The Buddha was clear that while sexuality is an enjoyment for married householders, the rules are different for monastics who take a vow of celibacy. During “Dharma Follies,” the funny skits performed at the end of the retreat, the monk’s answer was humorously adapted for laypeople: “Sex is engrossing, basic, and worth discussing.”

Yes! Sex can be a delightful way to get to know yourself and others. Knowing and being known, loving and being loved—most people long for this.

The third precept extends the overarching principle of integrity and non-harming to the powerful energies of sex. The precept for laypeople is a vow not to engage in sexual misconduct. But unlike the precepts against killing or stealing, it’s not so clear exactly what constitutes sexual misconduct.

I know that when I’m in my integrity, my wholeness, there’s respect for my body and yours, even in the forcefield of sexual desire. If I view people as sex objects or through gender stereotypes, I’ve fallen into disrespectful dualism that dims the light of awareness. Objectifying or “othering” each other opens a door to exploitative behavior and abuse. Exploiting anyone’s vulnerability in sex for my own pleasure takes me far away from my true nature. For whenever I harm another, knowingly or unknowingly, I’m harming myself.

Without mindful awareness, it’s easy to rationalize and indulge in sexual behaviors I know to be harmful by pretending they aren’t really so bad, or by deciding “It’s okay this one time.” When we start going down this path, it’s time to take a moment to check in, breathe deeply, and call in some loving awareness. Pause and ask yourself, “Is it wise to take the next step?”

Sex is a big deal. How much time do you spend wanting, wondering, fantasizing, even obsessing about it? It takes willingness and courage to move past fear of the unknown, fear of being known, painful or traumatic sexual experiences, and cultural sexual inhibitions to explore this territory. It takes practice to handle the heat of erotic fire skillfully. For me, learning to navigate sexual relationships wisely has been the work of a lifetime, full of joys and sorrows.

When I enjoy the pleasure and happiness of my sexual partner as well as my own, that joy aligns me with my buddhanature—and it’s sexy. All the factors of awakening—joy, energy, interest, mindfulness, relaxation, concentration, spaciousness—come into play in the intense space of sexual connection. Shifting from “having sex” to being inside the sexual experience, either by myself or with another, is powerful intimacy. In Zen, it’s said that true love is when the division between self and other disappears. We find that passionate, heart-opening presence when the third precept is kept with love and care.

A cartoon drawing of Pinocchio.

4.Tell the Truth

Thanissaro Bhikku on the fourth precept.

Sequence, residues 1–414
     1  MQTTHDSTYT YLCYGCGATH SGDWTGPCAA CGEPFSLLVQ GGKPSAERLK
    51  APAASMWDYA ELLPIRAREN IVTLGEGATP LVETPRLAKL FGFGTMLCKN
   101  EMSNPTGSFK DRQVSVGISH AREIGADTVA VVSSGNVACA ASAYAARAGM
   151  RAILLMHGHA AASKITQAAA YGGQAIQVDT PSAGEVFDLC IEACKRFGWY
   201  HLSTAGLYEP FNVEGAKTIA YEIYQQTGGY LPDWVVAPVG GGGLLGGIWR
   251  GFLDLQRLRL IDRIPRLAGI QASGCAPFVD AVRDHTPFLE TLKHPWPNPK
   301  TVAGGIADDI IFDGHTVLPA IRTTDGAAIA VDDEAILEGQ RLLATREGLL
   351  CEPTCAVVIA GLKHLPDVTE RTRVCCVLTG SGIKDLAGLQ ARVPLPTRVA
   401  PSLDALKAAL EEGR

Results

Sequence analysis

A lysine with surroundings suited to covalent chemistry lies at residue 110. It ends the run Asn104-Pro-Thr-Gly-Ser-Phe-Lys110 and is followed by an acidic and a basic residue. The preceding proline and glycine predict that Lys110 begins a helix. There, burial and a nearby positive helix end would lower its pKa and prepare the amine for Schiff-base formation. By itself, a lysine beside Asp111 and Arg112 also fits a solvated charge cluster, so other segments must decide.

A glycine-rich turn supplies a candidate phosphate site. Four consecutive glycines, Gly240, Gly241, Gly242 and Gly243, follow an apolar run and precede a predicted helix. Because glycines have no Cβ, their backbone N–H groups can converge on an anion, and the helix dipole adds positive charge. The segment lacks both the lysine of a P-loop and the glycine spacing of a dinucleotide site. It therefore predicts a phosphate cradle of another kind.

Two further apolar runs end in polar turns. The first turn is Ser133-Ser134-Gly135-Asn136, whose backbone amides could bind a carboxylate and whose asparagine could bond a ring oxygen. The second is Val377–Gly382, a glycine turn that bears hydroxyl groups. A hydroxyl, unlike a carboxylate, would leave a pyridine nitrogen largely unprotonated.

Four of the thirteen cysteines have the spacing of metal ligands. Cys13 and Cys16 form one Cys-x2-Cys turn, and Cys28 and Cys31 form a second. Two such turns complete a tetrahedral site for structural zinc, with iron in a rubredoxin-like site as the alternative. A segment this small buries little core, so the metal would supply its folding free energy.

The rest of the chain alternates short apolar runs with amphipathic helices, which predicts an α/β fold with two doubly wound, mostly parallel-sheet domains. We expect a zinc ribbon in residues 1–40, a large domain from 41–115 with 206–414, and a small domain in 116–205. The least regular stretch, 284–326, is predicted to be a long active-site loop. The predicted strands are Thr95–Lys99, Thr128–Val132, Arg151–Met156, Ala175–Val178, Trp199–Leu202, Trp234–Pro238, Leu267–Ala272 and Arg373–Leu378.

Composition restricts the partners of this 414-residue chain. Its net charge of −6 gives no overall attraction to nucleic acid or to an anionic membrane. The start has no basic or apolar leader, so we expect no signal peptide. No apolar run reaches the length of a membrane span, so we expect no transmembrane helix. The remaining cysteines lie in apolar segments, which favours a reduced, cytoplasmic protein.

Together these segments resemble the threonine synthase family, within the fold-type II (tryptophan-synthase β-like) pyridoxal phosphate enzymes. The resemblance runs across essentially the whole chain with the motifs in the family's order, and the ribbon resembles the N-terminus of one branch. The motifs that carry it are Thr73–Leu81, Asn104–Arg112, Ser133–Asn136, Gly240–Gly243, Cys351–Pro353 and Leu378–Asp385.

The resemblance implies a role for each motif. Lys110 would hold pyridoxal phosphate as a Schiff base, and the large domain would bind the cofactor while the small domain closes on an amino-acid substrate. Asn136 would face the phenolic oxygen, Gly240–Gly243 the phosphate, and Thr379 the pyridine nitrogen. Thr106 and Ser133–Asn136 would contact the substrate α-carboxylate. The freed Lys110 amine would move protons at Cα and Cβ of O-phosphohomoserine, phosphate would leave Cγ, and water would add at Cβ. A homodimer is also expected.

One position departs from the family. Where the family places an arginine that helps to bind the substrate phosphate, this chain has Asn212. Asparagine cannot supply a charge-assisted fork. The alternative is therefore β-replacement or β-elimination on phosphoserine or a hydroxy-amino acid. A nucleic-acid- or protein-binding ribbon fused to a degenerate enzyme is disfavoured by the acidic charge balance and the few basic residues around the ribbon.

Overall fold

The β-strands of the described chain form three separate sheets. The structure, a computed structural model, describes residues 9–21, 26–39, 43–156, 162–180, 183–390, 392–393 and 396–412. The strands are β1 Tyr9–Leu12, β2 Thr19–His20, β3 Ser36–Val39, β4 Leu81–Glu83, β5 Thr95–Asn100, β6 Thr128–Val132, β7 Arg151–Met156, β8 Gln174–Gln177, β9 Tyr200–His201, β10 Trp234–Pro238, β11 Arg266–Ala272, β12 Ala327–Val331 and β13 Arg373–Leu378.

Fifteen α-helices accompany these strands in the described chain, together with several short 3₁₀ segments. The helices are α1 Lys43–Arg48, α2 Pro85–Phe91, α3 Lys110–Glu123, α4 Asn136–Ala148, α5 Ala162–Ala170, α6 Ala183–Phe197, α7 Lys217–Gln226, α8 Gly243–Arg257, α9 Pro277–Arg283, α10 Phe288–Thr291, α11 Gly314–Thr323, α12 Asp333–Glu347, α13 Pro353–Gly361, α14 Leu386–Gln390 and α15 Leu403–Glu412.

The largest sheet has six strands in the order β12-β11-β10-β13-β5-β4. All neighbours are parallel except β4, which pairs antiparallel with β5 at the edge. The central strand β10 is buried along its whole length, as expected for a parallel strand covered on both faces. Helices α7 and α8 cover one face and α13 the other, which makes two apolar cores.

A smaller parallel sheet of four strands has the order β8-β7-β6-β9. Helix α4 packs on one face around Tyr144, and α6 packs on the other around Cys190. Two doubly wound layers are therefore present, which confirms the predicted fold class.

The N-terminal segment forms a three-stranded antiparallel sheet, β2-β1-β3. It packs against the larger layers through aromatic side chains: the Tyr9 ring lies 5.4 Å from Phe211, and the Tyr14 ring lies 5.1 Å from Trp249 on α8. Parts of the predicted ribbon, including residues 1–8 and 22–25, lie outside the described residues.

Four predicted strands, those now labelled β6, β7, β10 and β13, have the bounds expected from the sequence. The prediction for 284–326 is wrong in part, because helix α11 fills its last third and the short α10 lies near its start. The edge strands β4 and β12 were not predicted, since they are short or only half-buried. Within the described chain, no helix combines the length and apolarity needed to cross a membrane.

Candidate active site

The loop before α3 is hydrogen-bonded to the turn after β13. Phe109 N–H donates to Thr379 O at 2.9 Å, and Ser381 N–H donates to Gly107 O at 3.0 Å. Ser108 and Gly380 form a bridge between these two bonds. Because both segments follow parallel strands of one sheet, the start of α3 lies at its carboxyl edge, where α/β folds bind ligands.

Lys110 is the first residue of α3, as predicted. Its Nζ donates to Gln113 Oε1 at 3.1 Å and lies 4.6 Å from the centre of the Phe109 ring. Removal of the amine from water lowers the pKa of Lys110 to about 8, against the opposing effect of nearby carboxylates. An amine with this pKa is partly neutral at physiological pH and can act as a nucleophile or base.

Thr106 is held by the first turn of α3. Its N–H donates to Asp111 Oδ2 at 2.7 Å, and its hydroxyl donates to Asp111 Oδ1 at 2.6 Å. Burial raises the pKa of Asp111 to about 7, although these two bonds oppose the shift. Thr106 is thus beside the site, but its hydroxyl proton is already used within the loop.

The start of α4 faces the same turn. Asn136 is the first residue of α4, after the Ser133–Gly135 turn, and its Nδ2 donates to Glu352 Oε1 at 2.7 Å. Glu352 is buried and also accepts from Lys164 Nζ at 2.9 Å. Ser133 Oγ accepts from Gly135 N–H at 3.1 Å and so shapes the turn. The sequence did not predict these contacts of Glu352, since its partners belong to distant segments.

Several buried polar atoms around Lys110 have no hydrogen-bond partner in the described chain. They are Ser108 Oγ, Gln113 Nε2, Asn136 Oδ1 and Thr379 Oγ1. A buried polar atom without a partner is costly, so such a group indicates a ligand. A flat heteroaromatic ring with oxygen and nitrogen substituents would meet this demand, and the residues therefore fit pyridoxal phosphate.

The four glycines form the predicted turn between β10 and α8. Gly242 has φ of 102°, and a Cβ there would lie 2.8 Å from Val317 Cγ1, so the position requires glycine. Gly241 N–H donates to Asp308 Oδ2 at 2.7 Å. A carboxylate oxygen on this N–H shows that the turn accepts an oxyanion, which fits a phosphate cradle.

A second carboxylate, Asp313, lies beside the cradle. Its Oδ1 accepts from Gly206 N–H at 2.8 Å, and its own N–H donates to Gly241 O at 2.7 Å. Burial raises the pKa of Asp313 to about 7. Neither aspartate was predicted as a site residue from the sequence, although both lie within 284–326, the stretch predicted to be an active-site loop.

The very first dharma lesson the Buddha gave to his son was never to tell a deliberate lie, even in jest. In another context, he added that if a person feels no shame telling a deliberate lie, there’s no evil that person will not do. Obviously, the Buddha saw the precept against lying as crucial to goodness of any sort.

He defined telling a lie as deliberately misrepresenting the truth. You did x, but you say that you didn’t. You didn’t see y, but you say that you did. Many people, when they learn of this definition, immediately look for two possible exceptions: What about jokes where you exaggerate the truth, but without intending to deceive your listener? What about lies told with compassionate motives, such as wanting to protect people from truths they’re not ready to hear or to protect people from danger?

The Buddha’s first lesson to his son explicitly rules out the first exception. The teaching he gave after that lesson helps explain why.

The practice of training the mind is a matter of becoming increasingly sensitive to your actions in thought, word, and deed, to the intentions motivating them, and to the results they yield. If you see anything unskillful in your actions, you do your best to abandon it.

This practice requires not only sensitivity, but also rigorous honesty. If you’re careless in how you frame your words to others, it’s easy to be careless in how you view your intentions and the results of what you’ve done. You keep turning a blind eye to currents in the mind you’d rather not see. To counteract this tendency, you have to be rigorously true in everything you say, even when looking for ways to express your sense of humor. Try to find it in the truth. There’s plenty of it there.

A similar line of reasoning applies to the second exception. It’s all too easy to justify breaking a precept by citing compassionate motives. But your self-professed compassion may be hiding other motives that are more self-serving. The mind is notorious for lying to itself about what its genuine motives are.

There are also social consequences to white lies. When people find out that you’ve told them a lie, no matter how compassionate you thought it was, they’ll never really trust your words again. When trust is broken, the relationship is wounded. And when little lies become acceptable, bigger ones become more widely acceptable too, and society, as a whole, breaks down.

When you want to avoid sensitive topics, learn how to be quick-witted in getting around them without misrepresenting the facts. It’s a better exercise of your discernment to stick with the precepts in a harmless way than to justify breaking them.

A cartoon drawing of a person drinking with a lampshade over their head.

5. Don’t Consume Toxins

Sister True Dedication on the fifth precept.

The five mindfulness trainings are Thich Nhat Hanh’s unique, modern take on the five traditional Buddhist precepts. They are a journey of training in right action—the kind of action that responds to the suffering of our times.